Sunday, March 23, 2008

Rules, Rules, Rules: Exodus 20:22 - 23

This post is part of a revolutionary Bible commentary by the Church of the Orange Sky.


First, a note on a previous post. It has been brought to my attention by one regular foe of the Church of the Orange Sky that openly calling for inconvenient verses to be "shoved under the carpet" - which were indeed my words, I beliee - is an inappropriate approach to Biblical studies.

Not so, sister! As any honest conservative scholar will admit, the Bible is chock full of seemingly inconsistent statements, in large part because it was written by a large number of people, some of whom were elitist priests, some of whom were elitist military and political leaders, some of whom were cranky anarchistic prophets, and some of whom fit somewhere in between. Thus we must "harmonize" the Bible, an ironic thing to do to "inerrant" Scriptures but actually a necessary thing to do - even conservatives agree on that! - because the Bible is in fact so unharmonious that it requires extra-special efforts to impose order upon it. The process of harmonization proceeds by burying unwanted verses under large and impressive piles of more appropriate ones, producing an intricate and often quite implausible "synthesis" which often makes even less sense than any of its component parts, then finally tying the whole mess together with confident and thunderous rhetoric and possibly some arm-waving thrown in for good measure. It is this process which I propose to undertake, knowing that in doing so I will have the full support of generations of conservative scholars who have adopted much the same methodology.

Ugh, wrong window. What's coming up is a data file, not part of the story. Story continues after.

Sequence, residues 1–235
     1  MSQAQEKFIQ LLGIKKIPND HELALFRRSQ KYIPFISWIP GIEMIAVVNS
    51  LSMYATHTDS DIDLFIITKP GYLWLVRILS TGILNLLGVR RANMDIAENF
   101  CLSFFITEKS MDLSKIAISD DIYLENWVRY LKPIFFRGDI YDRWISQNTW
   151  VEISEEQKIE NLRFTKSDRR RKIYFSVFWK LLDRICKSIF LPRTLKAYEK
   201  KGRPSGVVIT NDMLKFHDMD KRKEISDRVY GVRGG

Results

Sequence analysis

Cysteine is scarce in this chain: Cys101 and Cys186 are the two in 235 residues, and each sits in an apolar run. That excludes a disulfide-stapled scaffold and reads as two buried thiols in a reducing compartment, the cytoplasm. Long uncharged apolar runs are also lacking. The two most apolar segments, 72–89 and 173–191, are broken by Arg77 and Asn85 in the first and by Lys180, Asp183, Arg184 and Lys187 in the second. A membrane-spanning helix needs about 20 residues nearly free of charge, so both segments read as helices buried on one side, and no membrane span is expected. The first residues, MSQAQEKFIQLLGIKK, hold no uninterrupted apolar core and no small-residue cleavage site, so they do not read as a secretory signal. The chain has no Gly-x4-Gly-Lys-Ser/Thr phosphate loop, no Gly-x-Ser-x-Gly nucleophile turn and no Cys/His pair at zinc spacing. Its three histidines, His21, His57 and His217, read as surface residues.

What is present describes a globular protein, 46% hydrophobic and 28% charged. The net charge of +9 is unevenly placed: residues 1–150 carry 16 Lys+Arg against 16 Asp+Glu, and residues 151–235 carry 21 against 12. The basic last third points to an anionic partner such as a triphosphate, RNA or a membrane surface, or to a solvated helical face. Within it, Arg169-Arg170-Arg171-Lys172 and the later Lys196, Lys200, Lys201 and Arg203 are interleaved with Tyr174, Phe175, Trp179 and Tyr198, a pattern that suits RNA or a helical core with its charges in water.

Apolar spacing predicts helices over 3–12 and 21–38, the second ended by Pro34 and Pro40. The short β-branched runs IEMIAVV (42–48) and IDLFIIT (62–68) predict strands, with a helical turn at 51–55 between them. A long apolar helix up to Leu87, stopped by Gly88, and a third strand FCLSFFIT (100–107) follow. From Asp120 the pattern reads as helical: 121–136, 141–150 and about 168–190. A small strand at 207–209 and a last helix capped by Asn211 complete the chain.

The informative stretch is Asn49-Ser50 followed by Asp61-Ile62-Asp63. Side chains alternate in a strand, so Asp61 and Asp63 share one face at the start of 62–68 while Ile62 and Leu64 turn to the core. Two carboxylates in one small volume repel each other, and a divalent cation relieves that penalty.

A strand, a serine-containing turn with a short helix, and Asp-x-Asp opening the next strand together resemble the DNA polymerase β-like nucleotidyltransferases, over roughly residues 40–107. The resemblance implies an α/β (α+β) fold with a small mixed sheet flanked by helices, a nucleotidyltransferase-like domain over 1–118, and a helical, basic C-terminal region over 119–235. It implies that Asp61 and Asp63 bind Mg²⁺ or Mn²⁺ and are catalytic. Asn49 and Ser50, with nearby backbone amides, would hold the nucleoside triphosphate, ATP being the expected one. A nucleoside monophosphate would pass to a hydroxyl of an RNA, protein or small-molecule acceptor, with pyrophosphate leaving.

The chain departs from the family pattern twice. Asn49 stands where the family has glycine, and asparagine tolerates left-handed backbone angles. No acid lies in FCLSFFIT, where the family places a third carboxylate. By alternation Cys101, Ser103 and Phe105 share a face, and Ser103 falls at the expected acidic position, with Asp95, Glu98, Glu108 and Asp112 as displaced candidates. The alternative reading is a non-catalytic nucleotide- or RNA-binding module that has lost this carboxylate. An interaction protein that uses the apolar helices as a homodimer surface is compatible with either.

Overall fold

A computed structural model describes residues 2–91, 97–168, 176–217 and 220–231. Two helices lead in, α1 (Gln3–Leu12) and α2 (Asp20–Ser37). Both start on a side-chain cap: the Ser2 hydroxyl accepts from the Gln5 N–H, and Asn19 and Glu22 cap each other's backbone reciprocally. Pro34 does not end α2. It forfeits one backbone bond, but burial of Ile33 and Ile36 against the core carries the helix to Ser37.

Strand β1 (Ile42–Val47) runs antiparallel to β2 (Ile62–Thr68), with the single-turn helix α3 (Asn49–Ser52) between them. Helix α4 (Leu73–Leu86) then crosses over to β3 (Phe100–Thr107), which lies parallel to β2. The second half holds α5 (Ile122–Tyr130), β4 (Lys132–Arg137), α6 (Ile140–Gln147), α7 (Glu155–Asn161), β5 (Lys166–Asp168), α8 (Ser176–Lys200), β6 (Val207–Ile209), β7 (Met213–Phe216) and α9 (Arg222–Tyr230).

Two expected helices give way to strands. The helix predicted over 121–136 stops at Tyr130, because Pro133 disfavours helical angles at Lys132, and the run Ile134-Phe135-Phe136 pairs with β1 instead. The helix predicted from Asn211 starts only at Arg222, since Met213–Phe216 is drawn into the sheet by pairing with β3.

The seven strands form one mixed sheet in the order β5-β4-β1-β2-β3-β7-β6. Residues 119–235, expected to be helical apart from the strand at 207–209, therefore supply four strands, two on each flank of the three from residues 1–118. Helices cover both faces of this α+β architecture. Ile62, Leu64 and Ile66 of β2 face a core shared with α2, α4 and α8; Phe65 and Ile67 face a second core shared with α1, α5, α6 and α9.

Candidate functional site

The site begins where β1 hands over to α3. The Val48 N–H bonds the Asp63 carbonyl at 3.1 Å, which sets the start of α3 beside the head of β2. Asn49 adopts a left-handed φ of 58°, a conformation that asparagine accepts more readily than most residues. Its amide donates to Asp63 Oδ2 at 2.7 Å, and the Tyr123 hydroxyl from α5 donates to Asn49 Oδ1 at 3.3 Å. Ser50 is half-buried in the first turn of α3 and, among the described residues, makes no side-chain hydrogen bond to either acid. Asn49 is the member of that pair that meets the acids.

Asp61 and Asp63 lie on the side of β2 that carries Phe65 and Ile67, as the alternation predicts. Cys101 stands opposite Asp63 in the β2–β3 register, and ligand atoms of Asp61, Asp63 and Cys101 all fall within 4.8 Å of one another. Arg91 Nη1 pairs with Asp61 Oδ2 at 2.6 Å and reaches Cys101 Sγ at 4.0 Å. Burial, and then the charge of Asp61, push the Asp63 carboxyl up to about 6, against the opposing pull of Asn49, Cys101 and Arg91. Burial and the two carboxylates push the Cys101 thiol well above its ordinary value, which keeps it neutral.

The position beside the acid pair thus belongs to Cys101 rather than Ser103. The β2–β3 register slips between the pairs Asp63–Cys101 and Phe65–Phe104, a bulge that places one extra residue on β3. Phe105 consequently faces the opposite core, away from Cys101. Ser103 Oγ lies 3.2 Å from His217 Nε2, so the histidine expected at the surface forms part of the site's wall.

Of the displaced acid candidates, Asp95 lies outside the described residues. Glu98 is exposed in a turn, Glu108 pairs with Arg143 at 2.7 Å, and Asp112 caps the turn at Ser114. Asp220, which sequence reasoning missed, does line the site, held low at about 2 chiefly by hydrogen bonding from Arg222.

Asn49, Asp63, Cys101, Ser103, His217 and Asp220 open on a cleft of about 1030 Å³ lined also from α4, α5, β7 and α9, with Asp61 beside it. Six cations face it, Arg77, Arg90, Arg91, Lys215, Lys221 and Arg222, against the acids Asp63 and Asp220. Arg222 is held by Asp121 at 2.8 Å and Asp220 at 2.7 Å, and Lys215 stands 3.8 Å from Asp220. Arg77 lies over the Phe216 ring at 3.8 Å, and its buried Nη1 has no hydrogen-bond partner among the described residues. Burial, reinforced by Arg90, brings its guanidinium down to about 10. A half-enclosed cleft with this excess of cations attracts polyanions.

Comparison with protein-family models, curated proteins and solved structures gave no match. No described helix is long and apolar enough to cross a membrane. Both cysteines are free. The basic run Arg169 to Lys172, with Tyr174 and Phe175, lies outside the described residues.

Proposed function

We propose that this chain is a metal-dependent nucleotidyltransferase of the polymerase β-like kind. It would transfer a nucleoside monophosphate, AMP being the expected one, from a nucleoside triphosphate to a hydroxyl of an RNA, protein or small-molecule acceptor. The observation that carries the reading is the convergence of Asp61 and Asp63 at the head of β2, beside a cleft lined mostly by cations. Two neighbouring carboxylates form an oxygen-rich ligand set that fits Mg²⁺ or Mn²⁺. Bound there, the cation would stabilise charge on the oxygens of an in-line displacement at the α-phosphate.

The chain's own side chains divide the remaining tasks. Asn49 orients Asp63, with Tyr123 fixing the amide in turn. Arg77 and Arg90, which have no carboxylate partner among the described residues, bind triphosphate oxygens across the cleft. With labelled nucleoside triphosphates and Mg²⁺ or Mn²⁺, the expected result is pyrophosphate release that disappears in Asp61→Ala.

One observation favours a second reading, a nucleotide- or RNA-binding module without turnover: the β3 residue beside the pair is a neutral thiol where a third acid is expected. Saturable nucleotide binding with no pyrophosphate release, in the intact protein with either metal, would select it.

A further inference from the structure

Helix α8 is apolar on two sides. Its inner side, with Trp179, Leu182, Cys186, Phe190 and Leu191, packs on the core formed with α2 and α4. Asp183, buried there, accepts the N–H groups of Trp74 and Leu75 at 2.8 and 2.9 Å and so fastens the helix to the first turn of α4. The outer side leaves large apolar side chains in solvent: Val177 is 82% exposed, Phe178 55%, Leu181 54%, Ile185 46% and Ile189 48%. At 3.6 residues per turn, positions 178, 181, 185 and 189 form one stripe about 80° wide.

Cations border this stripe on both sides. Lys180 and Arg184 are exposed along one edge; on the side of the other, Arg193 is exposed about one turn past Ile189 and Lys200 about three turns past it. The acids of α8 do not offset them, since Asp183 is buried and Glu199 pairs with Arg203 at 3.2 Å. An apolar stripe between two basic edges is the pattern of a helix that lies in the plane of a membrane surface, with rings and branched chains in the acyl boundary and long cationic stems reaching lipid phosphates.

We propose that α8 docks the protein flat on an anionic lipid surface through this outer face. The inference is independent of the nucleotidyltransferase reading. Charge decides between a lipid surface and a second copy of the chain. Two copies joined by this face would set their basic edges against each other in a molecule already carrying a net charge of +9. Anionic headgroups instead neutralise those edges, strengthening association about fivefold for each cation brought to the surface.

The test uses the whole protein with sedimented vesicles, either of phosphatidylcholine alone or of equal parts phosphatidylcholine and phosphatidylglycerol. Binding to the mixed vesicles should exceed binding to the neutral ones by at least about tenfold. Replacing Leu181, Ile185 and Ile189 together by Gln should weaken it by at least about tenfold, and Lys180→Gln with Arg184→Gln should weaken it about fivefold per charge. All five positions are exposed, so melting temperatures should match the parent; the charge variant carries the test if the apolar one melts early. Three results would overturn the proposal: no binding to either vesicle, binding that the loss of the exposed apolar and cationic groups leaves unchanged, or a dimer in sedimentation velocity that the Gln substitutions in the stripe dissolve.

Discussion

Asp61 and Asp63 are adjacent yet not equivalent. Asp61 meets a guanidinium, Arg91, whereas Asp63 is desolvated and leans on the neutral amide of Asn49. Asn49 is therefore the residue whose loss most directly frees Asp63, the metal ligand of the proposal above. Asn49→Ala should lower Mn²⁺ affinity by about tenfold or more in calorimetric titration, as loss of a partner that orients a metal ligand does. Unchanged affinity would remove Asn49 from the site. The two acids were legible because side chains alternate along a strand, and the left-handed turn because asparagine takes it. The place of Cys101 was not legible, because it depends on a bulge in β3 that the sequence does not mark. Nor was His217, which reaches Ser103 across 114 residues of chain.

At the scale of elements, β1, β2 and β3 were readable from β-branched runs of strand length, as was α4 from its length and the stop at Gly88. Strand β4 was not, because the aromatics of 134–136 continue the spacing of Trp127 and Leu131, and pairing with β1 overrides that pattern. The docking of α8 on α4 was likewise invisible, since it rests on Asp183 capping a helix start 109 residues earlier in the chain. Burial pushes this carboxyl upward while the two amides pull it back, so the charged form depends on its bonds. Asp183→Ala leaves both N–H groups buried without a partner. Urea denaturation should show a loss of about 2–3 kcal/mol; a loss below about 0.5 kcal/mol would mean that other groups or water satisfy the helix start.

Now, to business.

Having overawed the Israelites with his impressive fireworks at Mt. Sinai, God sits down with Moses to have a long chat about the rules. This is the first of a large number of sets of laws handed down, ostensibly via direct revelation from God to the prophet, which comprise the bulk of the remainder of Exodus as well as parts of Leviticus, Numbers and Deuteronomy. After some brief instructions about how to make an altar (complete with a warning that God doesn't want to see any naked priests), God spends almost two chapters describing how people and animals are legitimate property and how you can resolve disputes that inevitably occur when the people you own get damaged in some way.

There's a tension in Exodus. On the one hand, there's some basis for the sort of rigid hierarchical social order that the nation of Israel clearly eventually adopted; on the other, there's still some remnant of awareness of the ethical implications of liberation from Egypt. Thus the laws of Exodus are a strange fusion of what is now conservative theology and liberation theology.